John Pientka

Dum Da Dum Dum – Just the Facts Ma’am. The New World of Digital Policing

The New World of Digital Policing

It’s not your father’s police. You’re on camera. Predictive programs target crime. AI is applied to obtain new insights. What’s next: android cops? Uh, they’re here!

My dad was a cop almost all his life. He started when the “Dragnet” TV series was popular. For a good part of his career he rode a big Harley Davidson Electra Glide motorcycle In Buffalo, N.Y., even in the winter. He was big and tough just like you would imagine a cop would be. He’s been gone from us for some time now but I can’t help thinking about how he would view policing today compared to how he did it for some thirty years.

Back then, police technology was a nightstick, a gun, handcuffs and a Motorola radio the size of a shoebox on the back of his cycle. Today, like in every other part of our society, digital technologies powered by the cloud are working their way into how we police.

Digital cameras worn by officers are in the public eye with the high profile shootings that sadly dominate our news. According to the Department of Homeland Security, 95% of the country’s police departments are planning to implement body cameras; 20% already have. This always hasn’t gone down well with all the cops on the beat but a 2016 study conducted by researchers at Cambridge University links body-cam usage to a 93% reduction in complaints against officers.

One of the challenges with body cams is the vast amount of data they create. Video takes up a lot of storage space, as anyone who has shot some on their smartphone knows. Imagine your phone camera running for hours a day and then imagine that across hundreds or thousands of officers in a police department. Plus, this is not ordinary data. It needs to be archived in a controlled fashion in case it is required as evidence.

Here’s where cloud comes in. Exhibit A: Evidence.com is a storage service offered by Axon (formerly Taser) a major provider of body-cams, stun guns and police apps. Originally using Amazon Web Services but now Microsoft’s Azure cloud it provides storage capacity at rates up to $79/mo. per officer.

Cameras are just a part of the digital revolution sweeping over police departments. Companies PredPol and Hunchlab design algorithms to find trends in police data, which can be used for predictive policing. Startups like Babel Street, Dataminr, and Geofeedia build social media monitoring software that helps police scan accounts for keywords during a major event or around a specific location.

Artificial Intelligence too, is entering police work. In the UK an AI system assists officers in determining whether to place a suspect in custody. Trained on years of prior decisions and their outcomes, the new AI is remarkably accurate in determining whether a suspect is high or low risk and hence needing incarceration.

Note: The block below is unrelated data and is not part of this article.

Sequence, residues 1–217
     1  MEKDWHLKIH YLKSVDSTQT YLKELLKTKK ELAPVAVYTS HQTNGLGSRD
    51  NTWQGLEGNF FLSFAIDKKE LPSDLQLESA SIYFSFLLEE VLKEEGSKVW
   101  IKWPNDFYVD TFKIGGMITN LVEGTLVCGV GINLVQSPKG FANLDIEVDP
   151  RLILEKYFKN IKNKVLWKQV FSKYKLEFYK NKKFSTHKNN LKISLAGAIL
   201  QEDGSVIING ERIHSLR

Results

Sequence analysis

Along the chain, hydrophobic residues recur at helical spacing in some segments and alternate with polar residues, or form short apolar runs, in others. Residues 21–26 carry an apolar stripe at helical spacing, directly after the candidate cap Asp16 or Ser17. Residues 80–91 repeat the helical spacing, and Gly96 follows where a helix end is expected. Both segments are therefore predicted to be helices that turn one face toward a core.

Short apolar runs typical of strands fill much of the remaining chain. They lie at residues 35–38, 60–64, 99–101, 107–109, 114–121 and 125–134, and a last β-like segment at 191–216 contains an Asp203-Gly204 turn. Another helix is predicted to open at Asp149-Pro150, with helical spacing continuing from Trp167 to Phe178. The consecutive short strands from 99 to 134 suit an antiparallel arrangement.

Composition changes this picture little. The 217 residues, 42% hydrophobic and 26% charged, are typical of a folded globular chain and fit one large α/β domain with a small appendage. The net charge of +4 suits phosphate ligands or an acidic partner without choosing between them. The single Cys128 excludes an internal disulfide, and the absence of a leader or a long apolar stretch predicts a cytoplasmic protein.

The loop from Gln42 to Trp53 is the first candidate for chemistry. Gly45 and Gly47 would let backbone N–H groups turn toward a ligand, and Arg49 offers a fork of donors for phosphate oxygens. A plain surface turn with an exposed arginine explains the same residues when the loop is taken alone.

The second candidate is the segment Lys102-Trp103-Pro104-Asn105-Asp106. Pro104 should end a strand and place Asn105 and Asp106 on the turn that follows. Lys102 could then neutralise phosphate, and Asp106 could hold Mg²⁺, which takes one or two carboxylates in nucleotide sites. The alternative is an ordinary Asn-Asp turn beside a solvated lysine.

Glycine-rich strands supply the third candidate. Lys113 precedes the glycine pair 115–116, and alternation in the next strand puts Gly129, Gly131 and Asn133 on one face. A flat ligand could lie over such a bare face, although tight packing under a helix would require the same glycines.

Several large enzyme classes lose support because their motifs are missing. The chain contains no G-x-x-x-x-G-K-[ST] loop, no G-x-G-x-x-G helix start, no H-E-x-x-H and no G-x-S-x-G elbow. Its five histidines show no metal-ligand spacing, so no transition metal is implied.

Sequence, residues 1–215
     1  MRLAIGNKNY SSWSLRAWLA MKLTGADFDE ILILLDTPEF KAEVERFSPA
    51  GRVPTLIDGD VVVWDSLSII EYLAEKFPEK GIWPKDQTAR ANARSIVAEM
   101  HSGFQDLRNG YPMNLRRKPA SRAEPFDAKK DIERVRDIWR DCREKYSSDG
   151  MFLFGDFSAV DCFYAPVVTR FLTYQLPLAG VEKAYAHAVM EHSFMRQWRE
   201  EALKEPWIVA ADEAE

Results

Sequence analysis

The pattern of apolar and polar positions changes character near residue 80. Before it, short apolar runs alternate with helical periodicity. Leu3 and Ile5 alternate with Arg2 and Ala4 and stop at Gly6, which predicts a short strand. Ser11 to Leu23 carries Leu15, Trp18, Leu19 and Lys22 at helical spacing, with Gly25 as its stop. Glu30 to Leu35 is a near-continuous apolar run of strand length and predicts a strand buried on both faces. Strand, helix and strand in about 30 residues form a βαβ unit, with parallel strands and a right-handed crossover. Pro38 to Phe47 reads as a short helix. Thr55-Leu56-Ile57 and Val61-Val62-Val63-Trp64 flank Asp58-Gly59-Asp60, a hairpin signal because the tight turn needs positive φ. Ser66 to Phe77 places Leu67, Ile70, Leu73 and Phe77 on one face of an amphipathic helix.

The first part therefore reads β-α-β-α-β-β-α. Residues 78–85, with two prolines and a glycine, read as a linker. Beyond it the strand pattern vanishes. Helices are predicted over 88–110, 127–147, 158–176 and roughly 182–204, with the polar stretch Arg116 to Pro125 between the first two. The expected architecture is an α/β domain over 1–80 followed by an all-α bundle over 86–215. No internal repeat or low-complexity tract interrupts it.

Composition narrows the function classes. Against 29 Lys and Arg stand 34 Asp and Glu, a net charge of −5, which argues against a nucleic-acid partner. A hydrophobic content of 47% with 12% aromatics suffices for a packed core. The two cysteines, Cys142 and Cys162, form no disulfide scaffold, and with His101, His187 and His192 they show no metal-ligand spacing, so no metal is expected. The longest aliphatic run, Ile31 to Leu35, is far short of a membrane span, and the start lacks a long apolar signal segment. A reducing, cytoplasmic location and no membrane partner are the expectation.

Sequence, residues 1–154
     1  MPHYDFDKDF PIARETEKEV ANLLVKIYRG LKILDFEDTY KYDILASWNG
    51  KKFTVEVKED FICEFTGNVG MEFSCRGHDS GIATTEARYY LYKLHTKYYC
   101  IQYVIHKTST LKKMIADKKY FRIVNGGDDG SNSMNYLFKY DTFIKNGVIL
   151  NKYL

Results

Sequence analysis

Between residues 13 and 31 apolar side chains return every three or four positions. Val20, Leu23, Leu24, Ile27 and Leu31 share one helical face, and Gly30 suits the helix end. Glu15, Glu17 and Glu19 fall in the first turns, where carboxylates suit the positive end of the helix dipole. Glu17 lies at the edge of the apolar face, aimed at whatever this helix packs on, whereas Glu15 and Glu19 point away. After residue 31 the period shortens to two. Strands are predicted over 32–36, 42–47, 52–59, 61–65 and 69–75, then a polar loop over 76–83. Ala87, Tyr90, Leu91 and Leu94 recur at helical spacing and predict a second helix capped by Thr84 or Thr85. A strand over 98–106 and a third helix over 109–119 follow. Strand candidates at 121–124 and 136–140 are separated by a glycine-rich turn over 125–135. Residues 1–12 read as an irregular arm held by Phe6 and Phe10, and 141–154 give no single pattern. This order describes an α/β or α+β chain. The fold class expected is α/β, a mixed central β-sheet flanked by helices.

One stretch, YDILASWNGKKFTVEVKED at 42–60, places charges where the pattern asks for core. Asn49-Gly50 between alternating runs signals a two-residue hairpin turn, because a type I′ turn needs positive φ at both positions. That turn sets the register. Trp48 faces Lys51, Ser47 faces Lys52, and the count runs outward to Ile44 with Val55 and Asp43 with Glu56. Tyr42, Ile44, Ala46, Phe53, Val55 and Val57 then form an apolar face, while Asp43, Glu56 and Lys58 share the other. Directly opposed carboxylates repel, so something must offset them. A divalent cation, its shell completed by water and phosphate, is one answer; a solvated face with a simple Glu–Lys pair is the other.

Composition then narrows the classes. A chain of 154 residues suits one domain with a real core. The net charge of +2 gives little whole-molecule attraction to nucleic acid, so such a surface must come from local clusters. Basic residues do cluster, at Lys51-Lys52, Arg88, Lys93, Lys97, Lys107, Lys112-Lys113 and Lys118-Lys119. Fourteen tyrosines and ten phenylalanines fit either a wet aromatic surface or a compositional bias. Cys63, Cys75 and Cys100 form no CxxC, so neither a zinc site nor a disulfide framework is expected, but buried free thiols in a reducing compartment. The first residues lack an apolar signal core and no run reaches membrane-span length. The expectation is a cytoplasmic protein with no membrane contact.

We can only expect to see more of these data driven and computer mediated processes to permeate our police and judicial system in the future. But, what about help in the physical world for the cop on the beat? Data is great but sometimes you need some extra muscle on the scene.

How about a bullet shaped 400 pound six foot tall robot called K3 from a new company, Knightscope? Designed to supplement guards in public and private spaces this robot is an illustration of machine intelligence made into a policing machine. In total, Knightscope plans to service 17 clients in 16 cities across five states by the end of 2017.

Prefer something a little more humanoid? Dubai plans for an android police force this year. “We’re expecting for it to be in tourist areas at first in 2017, near Burj Khalifa, GPR, City Walk and by 2020 we want to have a more thorough area covered,” Dubai Police’s Technical Innovations Department Head Major Adnan Ali said.

Policing can be a dangerous business and we want cops to be safe. We all want crime to be low or non-existent yet the relationship between the police and citizenry can be fragile or counterproductive. Now we have digital tools, with more coming, to assist in meeting these complex societal needs. Next time, if you are a victim or a witness, there is a good chance when you are talking to officer friendly he or she will be backed up by lots of smart machines.

By John Pientka

John Pientka

John is currently the principal of Pientka and Associates which specializes in IT and Cloud Computing.

Over the years John has been vice president at CGI Federal, where he lead their cloud computing division. He founded and served as CEO of GigEpath, which provided communication solutions to major corporations. He has also served as president of British Telecom’s outsourcing arm Syncordia, vice president and general manager of a division at Motorola.

John has earned his M.B.A. from Harvard University as well as a bachelor’s degree from the State University in Buffalo, New York.

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